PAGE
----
“As part of Gavin’s medical treatment for severe gender dysphoria, Gavin and his mother notified administrators of his male gender identity at the beginning of his sophomore year so that he could socially transition in all aspects of his life,” the ACLU said in a public statement about the lawsuit. “With permission from school administrators, Gavin used the boys’ restroom for almost two months without any incident.” Parents complained and the school board voted 6-1 to adopt a new policy “despite warnings from the ACLU.”

Even though the Supreme Court declined to hear the case and Grimm graduated in 2017, it’s still being litigated in the lower courts. It was this and similar cases that motivated dozens of state legislatures to try to pass “bathroom” laws to protect the privacy of students who wanted to continue using the bathroom according to their biological sex, something that is still an ongoing issue. States that have advanced such legislation have been threatened with boycotts.

In February 2019, a jury in Iowa ruled in favor of Jesse Vroegh, a transgender man who filed a complaint against the Iowa Department of Corrections, where Vroegh was employed as a nurse. Vroegh alleged his employer wouldn’t allow him to use the men’s restrooms and also wouldn’t cover his transgender surgery. The jury agreed that the employer had engaged in gender identity discrimination and awarded him $120,000. This was based on Iowa’s Civil Rights Act, which includes gender identity. 

“The next battle we’re likely to witness is with medical doctors being prevented from practicing good medicine and being forced to practice bad medicine,” Anderson said via e-mail. Though a relatively new concept, this is already happening, particularly to hospitals with religious affiliations. In March 2019, the ACLU filed a lawsuit on behalf of Oliver Knight, a transgender man who claimed he was denied a hysterectomy because the hospital where it was scheduled was a Catholic institution. As in the other cases, Knight claimed sex discrimination, even though the hospital maintains their religious affiliation precludes them from performing such procedures.

What does the future hold? When Republicans lost control of the House of Representatives in the midterm elections last year, congressional Democrats proposed the Equality Act, which would prohibit discrimination on the basis of “sexual orientation and gender identity” despite objections based on privacy, religious liberty, and biology. The bill passed the House in May. Republicans still have a majority in the Senate.

In October the Supreme Court is expected to hear R.G. & G.R. Harris Funeral Homes v. Equal Employment Opportunity Commission, an employment law case with potentially major implications for the legal meaning of sex. After working at R.G. & G.R. Harris Funeral Homes for several years, Aimee Stephens began to identify as transgender. The funeral home fired Stephens for not abiding by the workplace dress code and Stephens sued for discrimination. The Supreme Court will examine whether the lower courts were correct in redefining “sex” in Title VII to mean “gender identity.” The justices’ decision could have far-reaching consequences for the transgender movement.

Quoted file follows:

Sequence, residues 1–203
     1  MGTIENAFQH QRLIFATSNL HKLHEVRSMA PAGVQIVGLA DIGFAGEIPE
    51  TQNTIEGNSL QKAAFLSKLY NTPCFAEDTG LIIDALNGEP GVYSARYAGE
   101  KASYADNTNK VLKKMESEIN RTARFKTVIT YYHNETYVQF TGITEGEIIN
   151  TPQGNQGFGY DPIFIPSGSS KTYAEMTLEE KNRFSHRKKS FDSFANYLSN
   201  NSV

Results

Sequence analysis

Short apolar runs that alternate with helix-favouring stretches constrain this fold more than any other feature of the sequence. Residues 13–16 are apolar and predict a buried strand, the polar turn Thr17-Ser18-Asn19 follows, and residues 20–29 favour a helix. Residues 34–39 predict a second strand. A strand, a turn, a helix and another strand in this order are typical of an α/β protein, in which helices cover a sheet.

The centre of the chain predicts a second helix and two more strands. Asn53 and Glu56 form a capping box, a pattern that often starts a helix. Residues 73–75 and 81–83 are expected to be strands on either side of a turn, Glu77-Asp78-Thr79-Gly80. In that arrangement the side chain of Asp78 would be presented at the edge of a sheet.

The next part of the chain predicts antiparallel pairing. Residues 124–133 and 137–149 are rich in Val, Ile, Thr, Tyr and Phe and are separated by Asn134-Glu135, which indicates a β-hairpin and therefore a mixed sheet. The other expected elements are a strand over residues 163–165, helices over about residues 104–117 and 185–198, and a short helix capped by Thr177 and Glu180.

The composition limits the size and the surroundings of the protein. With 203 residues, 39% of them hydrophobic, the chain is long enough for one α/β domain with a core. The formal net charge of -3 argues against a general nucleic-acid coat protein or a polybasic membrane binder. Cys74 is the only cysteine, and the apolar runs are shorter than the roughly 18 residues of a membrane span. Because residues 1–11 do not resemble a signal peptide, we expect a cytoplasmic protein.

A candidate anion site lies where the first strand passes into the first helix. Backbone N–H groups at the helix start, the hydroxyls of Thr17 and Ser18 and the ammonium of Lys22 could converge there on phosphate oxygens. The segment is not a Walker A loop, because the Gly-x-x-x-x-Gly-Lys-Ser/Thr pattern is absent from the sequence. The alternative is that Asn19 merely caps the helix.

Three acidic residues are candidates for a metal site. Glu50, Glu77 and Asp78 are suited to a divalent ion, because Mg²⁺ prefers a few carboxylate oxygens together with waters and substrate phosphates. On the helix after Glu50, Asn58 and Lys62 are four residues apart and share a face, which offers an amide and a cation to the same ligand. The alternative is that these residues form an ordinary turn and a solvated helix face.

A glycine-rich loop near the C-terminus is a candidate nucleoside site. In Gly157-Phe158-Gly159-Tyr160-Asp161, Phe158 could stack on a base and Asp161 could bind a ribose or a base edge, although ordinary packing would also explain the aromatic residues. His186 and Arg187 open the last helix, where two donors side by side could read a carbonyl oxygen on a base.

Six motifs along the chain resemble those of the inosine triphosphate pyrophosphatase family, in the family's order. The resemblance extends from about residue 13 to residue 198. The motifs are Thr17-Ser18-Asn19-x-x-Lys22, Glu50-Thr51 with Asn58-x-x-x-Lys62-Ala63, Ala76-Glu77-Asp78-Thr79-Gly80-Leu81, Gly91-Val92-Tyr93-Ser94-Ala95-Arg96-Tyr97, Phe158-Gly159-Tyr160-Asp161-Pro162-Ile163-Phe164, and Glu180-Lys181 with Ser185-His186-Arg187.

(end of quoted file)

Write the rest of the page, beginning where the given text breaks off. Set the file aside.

Nicole Russell covers politics, law, and culture. Her work has appeared in The Atlantic and The Washington Examiner. Follow her on Twiter @russell_nm

 

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Parents hit back after council bosses order them to ‘be pushy’

Parents hit back after council bosses order them to ‘be pushy’

Parents hit back after council bosses order them to ‘be pushy’ and send their children to school when they are ill

  • A council said coughs and colds were ‘not necessarily a reason’ to stay home
  • The ‘Be A Pushy Parent’ scheme is being promoted through different channels
  • Families labelled the advice ‘uncaring’ and said policy is just a ‘tick box’ exercise 

By Daily Mail Reporter

Published: 01:05 BST, 19 September 2019 | Updated: 01:36 BST, 19 September 2019

Parents have criticised council officials for telling them to ‘be pushy’ and send children to school even if they are ill.

East Sussex County Council said coughs and colds were ‘not necessarily a reason’ for pupils stay at home.

The ‘Be A Pushy Parent’ scheme is being promoted through different channels, including Facebook posts, bus advertisements and the council’s website.

But families have labelled the advice ‘uncaring’ and suggested the policy is just a ‘tick box’ exercise.

East Sussex County Council said coughs and colds were ‘not necessarily a reason’ for pupils stay at home (stock image)

A council spokesman said: ‘We’re saying a minor cough or cold is not necessarily a reason to stay off school’ (stock image)

One council Facebook post read: ‘Putting your foot down isn’t always easy but 100 per cent attendance should be every parent’s goal. Unless there’s a genuine reason for your child to be absent, be a pushy parent and get them to school.’

The post resulted in nearly 200 angry comments from families.

One parent, Clare White wrote: ‘How dare you! Just so you can tick boxes and sit behind a desk and gather data. I recall [another] campaign telling parents to send children in to school with a headache or cold, how uncaring. I’m quite sure you’d be off sick if you felt ill. I despair.’

A council spokesman said: ‘We’re saying a minor cough or cold is not necessarily a reason to stay off school.’ Another representative added: ‘Absence from school can adversely affect a child’s education.’